New legislation calls for Metro-related sales tax hike

WASHINGTON — D.C. Council members are considering legislation that would increase the District’s sales tax by 0.75 percent in order to funnel money into the Metro system for repairs and maintenance.

The legislation, unveiled Tuesday, also would need to be approved by Maryland and Virginia before it could take effect.

“This revenue would serve as a dedicated funding source for Metro so that we can finally provide the funding it desperately needs to maintain and improve the system,” said Council member Jack Evans, who also chairs the Metro Board.

Evans said the tax would generate $500 million a year, which is what Metro General Manager Paul Wiedefeld has called for.

“This is a start and we hope this lays the groundwork for Maryland and Virginia, when they have their legislative sessions beginning in January, to follow suit,” said Evans. “The only way to address the issues concerning Metro is to create new money, and that’s what a sales tax would do.”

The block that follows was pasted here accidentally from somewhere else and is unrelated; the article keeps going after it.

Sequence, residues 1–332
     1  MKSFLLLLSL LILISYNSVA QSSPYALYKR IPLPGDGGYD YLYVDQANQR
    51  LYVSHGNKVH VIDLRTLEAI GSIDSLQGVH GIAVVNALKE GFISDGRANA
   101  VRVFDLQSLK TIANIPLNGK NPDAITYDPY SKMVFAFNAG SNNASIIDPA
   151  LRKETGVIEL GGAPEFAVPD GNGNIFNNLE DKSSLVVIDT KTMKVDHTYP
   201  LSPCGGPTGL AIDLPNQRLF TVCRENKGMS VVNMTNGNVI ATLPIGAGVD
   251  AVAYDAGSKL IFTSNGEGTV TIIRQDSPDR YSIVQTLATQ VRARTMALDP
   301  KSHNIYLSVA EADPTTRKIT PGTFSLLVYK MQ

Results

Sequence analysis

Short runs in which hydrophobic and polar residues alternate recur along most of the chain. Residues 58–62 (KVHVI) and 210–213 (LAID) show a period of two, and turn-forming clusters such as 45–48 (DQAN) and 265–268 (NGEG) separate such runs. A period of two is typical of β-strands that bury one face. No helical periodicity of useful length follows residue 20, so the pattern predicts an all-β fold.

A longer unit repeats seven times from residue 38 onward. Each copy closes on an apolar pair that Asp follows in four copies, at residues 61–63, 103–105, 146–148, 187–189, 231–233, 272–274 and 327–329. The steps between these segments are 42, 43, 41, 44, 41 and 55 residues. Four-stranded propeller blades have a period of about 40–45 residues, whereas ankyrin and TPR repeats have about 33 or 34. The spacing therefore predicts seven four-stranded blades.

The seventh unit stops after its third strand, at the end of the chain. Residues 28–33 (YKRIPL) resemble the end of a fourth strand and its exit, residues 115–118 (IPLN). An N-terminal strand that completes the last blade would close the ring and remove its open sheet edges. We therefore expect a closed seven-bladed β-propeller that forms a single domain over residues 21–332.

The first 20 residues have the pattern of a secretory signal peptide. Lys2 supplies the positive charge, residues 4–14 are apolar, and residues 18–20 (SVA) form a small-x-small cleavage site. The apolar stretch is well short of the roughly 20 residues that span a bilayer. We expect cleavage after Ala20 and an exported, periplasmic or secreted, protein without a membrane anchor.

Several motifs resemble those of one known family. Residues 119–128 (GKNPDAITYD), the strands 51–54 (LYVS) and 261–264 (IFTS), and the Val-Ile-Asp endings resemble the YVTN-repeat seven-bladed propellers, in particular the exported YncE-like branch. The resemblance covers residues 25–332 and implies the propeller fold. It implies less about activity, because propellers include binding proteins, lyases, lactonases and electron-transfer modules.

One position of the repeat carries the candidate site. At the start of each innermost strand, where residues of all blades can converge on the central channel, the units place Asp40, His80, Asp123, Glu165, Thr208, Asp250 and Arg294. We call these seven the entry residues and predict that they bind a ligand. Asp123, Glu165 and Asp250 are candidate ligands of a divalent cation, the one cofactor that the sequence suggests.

Earlier this year, a panel of local leaders said that a 1 percent regionwide sales tax should be implemented to cover Metro’s funding needs.

“Doing nothing is not acceptable,” the panel concluded in a report for the Metropolitan Washington Council of Governments.

Metro faces more than $15 billion in funding needs over the next decade, according to Wiedefeld.

“Local governments cannot afford the steep bill for Metro’s needed capital and maintenance program while simultaneously financing their jurisdictional needs for schools and other critical infrastructure,” stated the panel’s report.

A sales tax, the panel said, is “the best, most equitable revenue option.”

According to a recent survey that was completed for groups pushing for Metro reforms, 70 percent of registered voters in the region support an increase in public funding for Metro, and about 50 percent support new taxes to pay for it.

The survey showed that 56 percent believe Metro is headed in the right direction, while 28 percent said the system remains on the wrong track.

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